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April 23, 2014

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The boy who stood up to injustice in Syria

Mafraq, Jordan — As in the fairy tale, in Syria it was the children who pointed out that the emperor had no clothes.

Syria’s civil war began in March 2011 with demands for freedom from schoolchildren in the provincial town of Dara’a — kids like Muhammad, a skinny seventh-grader. He still hasn’t recovered from the torture he endured, and he and his parents asked that his last name not be published.

Muhammad, now part of the growing Syrian refugee diaspora in Jordan, still weighs less than 100 pounds and looks like a shy middle-schooler. It’s hard to imagine him confronting a playground bully, let alone the nation’s tyrant.

Maybe the story of these children’s courage can help build spine in world leaders, who for 2 1/2 years have largely averted their eyes from the humanitarian catastrophe that is Syria. The agreement on chemical weapons may be a genuine step forward, but it does not seem relevant to Syrians suffering from more banal methods of mass murder.

Muhammad was not a part of the first group of child activists, who scrawled anti-government graffiti on a wall in Dara’a. The government arrested and tortured them.

That’s when other citizens, Muhammad included, poured out on the streets to demand the students’ release. The authorities opened fire on some and arrested others, including Muhammad. Police officers beat the boy, then just 11 years old, with rubber hoses; he says that even when the soles of his feet were whipped, he didn’t divulge the names of activist schoolmates.

After four days, Muhammad’s father, Adnan, paid a $1,000 bribe to get the boy freed. The father and mother say that they warned the boy not to protest because his activities could get his father fired.

Muhammad defied his parents and marked his 12th birthday by continuing to protest. At one demonstration, police clubbed him with the butt of a rifle until his knee was shattered.

A doctor, Dr. Kathem Abazeid, treated Muhammad and others injured by security forces. The secret police later executed Abazeid, the family says.

Muhammad also faced a more mundane challenge: How could he take his seventh-grade final exams without getting arrested when he showed up for them? His school principal sympathized and arranged for Muhammad to take the exams secretly; the principal was later executed as well, the family says.

By now, Muhammad’s parents were so repulsed by the government’s brutality that they shifted positions. “At this point, we started siding with our son,” Adnan says.

When the security forces couldn’t find Muhammad to arrest him, according to the family, they punished his parents by burning down the family home, with all their possessions inside. They also detained Adnan, who says interrogators suspended him for nine days by his wrists, broke his arm and several ribs, and tortured him with electric shocks.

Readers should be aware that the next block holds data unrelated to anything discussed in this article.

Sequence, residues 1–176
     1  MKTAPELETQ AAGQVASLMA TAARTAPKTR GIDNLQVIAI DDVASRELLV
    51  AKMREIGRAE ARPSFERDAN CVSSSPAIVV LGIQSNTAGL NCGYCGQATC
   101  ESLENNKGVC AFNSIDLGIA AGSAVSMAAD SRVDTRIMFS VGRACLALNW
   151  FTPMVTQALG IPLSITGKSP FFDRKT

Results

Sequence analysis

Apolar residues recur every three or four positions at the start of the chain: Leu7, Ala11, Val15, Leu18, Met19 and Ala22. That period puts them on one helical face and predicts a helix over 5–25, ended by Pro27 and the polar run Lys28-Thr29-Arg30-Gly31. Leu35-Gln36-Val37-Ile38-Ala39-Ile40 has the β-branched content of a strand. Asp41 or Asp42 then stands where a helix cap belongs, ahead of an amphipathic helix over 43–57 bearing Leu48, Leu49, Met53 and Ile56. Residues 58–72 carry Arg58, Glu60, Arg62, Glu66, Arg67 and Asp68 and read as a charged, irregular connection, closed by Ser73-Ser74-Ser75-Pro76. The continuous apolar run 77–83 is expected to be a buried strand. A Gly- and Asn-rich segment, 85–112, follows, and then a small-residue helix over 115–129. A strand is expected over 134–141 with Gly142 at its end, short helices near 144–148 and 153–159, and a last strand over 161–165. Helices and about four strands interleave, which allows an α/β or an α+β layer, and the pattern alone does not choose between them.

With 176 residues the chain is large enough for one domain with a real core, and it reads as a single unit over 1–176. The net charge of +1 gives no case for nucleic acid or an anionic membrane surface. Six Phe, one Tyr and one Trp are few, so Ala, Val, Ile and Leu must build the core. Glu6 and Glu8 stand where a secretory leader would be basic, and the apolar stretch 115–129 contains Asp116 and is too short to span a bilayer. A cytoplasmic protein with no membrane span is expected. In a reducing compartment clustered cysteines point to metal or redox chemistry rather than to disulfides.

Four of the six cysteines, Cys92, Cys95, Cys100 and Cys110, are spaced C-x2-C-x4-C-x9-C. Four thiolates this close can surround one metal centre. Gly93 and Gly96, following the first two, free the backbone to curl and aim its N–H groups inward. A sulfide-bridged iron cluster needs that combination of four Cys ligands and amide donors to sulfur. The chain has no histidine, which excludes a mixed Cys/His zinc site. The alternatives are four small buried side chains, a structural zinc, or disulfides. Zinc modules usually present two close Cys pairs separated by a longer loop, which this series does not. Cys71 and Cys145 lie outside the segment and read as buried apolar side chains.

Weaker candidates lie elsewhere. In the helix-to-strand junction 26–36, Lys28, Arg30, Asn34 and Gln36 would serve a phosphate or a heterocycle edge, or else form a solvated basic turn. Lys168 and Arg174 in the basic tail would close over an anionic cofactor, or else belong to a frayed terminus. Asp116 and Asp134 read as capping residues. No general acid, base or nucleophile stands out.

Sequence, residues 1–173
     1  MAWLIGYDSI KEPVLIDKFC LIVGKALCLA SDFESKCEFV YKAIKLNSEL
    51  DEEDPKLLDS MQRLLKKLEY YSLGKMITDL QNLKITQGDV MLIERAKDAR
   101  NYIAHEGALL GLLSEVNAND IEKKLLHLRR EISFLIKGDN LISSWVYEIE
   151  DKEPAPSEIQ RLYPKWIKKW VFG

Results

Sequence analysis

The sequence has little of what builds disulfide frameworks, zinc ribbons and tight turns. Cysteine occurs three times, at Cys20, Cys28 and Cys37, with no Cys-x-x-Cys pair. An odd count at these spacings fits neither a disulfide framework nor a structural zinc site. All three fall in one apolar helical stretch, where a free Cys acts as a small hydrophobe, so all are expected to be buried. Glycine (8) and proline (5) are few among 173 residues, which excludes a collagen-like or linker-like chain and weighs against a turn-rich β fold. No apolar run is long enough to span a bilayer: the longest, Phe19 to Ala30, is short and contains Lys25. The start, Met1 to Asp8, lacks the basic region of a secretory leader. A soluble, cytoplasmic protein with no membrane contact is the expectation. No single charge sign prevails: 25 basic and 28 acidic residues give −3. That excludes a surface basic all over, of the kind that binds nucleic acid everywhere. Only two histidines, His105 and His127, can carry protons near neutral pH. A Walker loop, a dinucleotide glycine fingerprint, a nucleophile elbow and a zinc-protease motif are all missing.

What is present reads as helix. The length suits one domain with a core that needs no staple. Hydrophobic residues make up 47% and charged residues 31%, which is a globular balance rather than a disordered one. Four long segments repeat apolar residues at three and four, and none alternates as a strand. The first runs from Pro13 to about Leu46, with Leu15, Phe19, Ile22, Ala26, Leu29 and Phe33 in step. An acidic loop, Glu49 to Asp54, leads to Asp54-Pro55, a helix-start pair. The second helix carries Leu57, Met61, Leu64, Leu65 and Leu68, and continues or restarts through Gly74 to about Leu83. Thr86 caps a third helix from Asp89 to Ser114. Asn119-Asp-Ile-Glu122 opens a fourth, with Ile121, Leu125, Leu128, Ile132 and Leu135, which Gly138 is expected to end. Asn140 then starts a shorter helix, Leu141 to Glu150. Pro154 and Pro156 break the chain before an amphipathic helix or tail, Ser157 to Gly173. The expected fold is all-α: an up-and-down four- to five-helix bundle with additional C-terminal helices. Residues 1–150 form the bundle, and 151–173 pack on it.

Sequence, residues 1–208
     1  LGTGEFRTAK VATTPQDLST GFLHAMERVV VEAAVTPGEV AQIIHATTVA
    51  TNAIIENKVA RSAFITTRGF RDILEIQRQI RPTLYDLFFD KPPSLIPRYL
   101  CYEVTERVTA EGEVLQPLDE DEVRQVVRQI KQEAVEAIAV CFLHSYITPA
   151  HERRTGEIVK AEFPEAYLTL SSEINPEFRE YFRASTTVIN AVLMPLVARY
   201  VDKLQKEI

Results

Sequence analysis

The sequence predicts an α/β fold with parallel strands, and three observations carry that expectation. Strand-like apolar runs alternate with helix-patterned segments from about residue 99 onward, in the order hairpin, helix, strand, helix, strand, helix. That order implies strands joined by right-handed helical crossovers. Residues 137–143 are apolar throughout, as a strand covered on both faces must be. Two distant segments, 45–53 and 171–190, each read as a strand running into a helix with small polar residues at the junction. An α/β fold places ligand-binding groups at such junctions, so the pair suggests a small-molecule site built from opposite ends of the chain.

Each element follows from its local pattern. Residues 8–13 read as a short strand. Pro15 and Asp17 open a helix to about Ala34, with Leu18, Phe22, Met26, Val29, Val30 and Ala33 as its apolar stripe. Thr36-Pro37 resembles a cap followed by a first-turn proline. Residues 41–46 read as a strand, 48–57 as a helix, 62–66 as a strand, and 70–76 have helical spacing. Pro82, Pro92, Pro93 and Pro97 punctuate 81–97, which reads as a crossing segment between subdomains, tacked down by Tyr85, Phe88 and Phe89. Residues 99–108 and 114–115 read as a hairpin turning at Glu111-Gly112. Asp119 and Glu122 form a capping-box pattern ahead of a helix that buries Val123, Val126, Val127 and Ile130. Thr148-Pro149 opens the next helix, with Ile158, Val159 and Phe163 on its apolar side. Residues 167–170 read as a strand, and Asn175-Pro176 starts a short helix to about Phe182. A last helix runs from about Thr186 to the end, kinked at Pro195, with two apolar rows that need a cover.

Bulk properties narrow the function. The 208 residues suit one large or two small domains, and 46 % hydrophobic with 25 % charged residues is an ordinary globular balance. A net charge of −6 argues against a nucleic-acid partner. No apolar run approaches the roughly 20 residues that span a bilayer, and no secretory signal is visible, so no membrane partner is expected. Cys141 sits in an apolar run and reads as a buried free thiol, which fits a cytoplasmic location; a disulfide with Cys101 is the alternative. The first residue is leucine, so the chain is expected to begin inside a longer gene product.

What kept Adnan from revealing his son’s location were thoughts of another boy detained in Dara’a: Hamza Ali al-Khateeb, 13. When Hamza’s body was returned to his parents, it had burn marks and smashed kneecaps, and it had been sexually mutilated.

So despite unbearable pain, Adnan gave up nothing; a father’s love prevailed over unbearable torture. When he was released after six weeks, the family fled to Jordan.

The International Rescue Committee has been helping Muhammad and his family. The family has medical records documenting the abuse, and both Adnan and Muhammad still suffer from their injuries.

These days, Muhammad is one of 1 million Syrian child refugees abroad, according to the United Nations. Like most of them, he doesn’t attend school. Children like him, uneducated and unskilled, will constitute a Syrian lost generation.

Neda Radwan, a psychologist for the International Rescue Committee, counsels the refugees and sees constant signs of survivor torment.

“I’ve tried art therapy with the children,” she said. “They refuse to draw anything but dead bodies.”

She showed me some of the drawings. They brim with bombs and blood, windows into the minds of children overwhelmed by violence.

I fear we’re heading down an unspeakable path: A war in Syria that may continue for years and claim hundreds of thousands of lives, the risk of the collapse of King Abdullah’s government in Jordan and growing spillover of violence in Lebanon and Iraq.

There are no simple fixes to the Syrian tragedy, but there are steps we can take that might help. We can bolster moderate rebel groups with weapons, training and intelligence. Like many Syrians, I favor missile strikes on President Bashar Assad’s air force to reduce his capacity to bomb civilians, although few Americans agree with me. Certainly we can push much harder for humanitarian access to aid needy Syrians. We can also do more to educate refugee children like Muhammad.

Above all, let’s not just shrug and move on. If a scrawny seventh-grader can stand up to a despot, so can we.

Nicholas Kristof is a columnist for The New York Times.

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